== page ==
All posts in “Brain Science”

old victorian children's books

#GeekReads: 5 Quick Reads that Made Us Smarter

In this week’s #GeekReads: diversifying books; trusting others; new brain technologies; deviating from gender roles; predicting feelings.

Multicultural characters. Author, Dashka Slater, examines the lack of color and diversity in children’s literature. From Dashka Slater via Mother Jones.

Linking causes. New study finds trust is a key motivator in movement participation. From American Sociology Association via Science Daily.

Neuroethics. Scientific advances in brain technologies come with ethical questions. From Andrew Maynard via The Conversation.

Sexism in society. Journalist, Peter Beinart, evaluates why some fear women in positions of power. From Peter Beinart via The Atlantic.

Affective forecasts. Personal prejudice directly affects how empathetic we are towards others. From Association for Psychological Science via Psy Post.

 

 

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Image: flickr/pettifoggist CC BY-SA 2.0

#GeekReads: 5 Quick Reads that Made Us Smarter

In this week’s #GeekReads: partisan media; reading the Constitution; the ideal affect; power of the mind; understanding our social brains.

Spreading disinformation. A recent study suggests that partisan media outlets encourage us to disregard information that fails to support our point of view. From Tom Jacobs via Pacific Standard.

An American read. If you were ever interested in reading the Constitution, here is a nerdy guide to getting started. From Garrett Epps via The Atlantic.

Affect valuation theory. A study from the American Psychological Association examines the relationship between how we would like to feel and how we actually feel. From Marianna Pogosyan Ph.D. via Psychology Today.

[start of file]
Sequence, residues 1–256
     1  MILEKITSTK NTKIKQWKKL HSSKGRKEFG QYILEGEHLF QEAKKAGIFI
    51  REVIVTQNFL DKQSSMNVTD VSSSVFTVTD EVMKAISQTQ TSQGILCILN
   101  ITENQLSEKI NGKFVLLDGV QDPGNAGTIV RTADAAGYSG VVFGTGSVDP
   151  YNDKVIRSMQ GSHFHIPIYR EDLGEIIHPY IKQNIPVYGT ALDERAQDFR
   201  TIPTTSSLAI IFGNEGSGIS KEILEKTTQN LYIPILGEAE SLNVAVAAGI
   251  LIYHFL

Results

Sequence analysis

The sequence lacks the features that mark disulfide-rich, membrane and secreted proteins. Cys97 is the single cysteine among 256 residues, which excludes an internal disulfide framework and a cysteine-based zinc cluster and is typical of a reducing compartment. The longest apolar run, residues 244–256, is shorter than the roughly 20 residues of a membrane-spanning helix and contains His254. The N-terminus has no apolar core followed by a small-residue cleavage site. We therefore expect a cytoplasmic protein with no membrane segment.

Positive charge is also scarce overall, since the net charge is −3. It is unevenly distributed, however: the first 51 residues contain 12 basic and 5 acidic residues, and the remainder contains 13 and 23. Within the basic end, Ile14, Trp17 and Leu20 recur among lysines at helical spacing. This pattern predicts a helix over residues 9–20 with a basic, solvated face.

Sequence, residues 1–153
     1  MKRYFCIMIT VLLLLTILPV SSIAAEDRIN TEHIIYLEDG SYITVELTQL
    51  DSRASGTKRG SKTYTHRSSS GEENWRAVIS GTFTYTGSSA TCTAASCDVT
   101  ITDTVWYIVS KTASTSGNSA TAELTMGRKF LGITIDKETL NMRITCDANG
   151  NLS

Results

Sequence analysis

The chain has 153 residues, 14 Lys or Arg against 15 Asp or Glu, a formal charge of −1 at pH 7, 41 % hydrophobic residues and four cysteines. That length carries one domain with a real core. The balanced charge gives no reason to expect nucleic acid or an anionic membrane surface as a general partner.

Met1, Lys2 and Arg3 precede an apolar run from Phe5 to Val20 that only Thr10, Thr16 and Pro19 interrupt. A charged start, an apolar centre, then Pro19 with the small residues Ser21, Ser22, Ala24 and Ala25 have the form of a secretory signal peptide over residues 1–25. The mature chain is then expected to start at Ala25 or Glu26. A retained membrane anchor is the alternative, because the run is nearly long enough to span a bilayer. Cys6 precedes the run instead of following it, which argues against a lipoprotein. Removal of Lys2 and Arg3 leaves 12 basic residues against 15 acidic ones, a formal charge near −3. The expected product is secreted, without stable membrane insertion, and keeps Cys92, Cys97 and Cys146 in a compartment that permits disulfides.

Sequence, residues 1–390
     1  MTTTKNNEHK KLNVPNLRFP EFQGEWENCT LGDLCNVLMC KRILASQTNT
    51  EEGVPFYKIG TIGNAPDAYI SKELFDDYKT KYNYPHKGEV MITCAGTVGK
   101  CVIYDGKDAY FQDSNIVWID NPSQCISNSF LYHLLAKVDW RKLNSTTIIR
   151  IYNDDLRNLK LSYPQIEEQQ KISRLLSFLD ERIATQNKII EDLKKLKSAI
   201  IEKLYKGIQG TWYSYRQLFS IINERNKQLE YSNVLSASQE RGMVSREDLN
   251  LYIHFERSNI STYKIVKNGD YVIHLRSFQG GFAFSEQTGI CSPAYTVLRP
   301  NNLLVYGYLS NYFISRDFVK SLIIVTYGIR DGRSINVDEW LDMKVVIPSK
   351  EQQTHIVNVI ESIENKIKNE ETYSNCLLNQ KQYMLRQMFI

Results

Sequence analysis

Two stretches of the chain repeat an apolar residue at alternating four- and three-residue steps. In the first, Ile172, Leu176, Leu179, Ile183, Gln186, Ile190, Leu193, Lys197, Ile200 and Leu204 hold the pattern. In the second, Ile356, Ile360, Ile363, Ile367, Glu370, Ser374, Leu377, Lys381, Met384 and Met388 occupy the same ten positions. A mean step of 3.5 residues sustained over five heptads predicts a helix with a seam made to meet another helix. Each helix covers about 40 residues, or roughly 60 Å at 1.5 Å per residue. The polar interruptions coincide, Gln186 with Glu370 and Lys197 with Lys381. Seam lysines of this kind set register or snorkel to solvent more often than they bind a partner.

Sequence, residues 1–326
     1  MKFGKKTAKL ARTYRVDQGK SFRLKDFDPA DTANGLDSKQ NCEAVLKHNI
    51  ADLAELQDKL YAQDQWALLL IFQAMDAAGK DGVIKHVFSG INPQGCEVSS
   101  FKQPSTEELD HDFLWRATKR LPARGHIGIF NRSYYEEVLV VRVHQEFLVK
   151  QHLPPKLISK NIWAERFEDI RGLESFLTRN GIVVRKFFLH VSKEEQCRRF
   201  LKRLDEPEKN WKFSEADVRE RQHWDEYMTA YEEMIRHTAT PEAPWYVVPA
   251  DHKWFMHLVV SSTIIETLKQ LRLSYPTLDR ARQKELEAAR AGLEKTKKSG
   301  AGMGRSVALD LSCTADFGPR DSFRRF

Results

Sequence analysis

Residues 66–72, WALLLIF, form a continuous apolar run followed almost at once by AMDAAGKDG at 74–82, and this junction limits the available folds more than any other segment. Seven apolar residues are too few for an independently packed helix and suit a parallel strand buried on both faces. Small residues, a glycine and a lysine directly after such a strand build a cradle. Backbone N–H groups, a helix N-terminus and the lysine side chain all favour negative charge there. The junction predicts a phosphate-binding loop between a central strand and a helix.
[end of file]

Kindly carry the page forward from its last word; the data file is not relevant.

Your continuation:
Cheering up the world. A clever poem written by a high schooler goes viral with a very inspiring message. From Mark DeNicola via Collective Evolution.

The social brain. Scientists constructed a neurodevelopmental model of a rare genetic disorder that may help explain what makes humans social beings. From University of California at San Diego via PsyPost.

 

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Image: flickr/freyjo7 CC-BY-ND 2.0

Chairs posed for conversation

#GeekReads: 5 Quick Reads that Made Us Smarter

In this week’s #GeekReads: opening up conversations about race; connections between emotional, mental and physical health; contagious generosity; brain systems that contribute to empathy; operating on instinct.

Open conversation. Psychologists Keith B. Maddox and Heather L. Urry work to motivate people to approach rather than avoid conversations regarding race. From Jacqueline Mitchell via Phys.

Emotional health.
New research explores the way our emotions directly affect our physical health. From Christina Sarich via Collective Evolution.

Contagious generosity. We are more likely to be empathetic when we observe others’ empathetic responses. From Tom Jacobs via Pacific Standard.

Cognition, not sensation. Understanding and empathizing with someone else’s pain is neurologically different from experiencing our own physical pain. From University of Colorado at Boulder via PsyPost

Fight or flight. Rachael Sharman discusses the functional and adaptive purposes of the fight, flight, or freeze response to a feared stimulus. From Rachael Sharman via The Conversation

 

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Image: flickr/refreshment_66 CC-BY-ND 2.0

Vincent Van Gogh painting an iPhone

#GeekReads: 5 Quick Reads that Made Us Smarter

In this week’s #GeekReads: remembering one of music’s great; gender neutral bathrooms at the White House; facing fears; sensing the gist of the world; avoiding empathy burnout.

The loss of an icon. Prince was a symbol for activism and revolution, who called for change and fought for justice, and the steps he took for social justice will not soon be forgotten. From True Activist.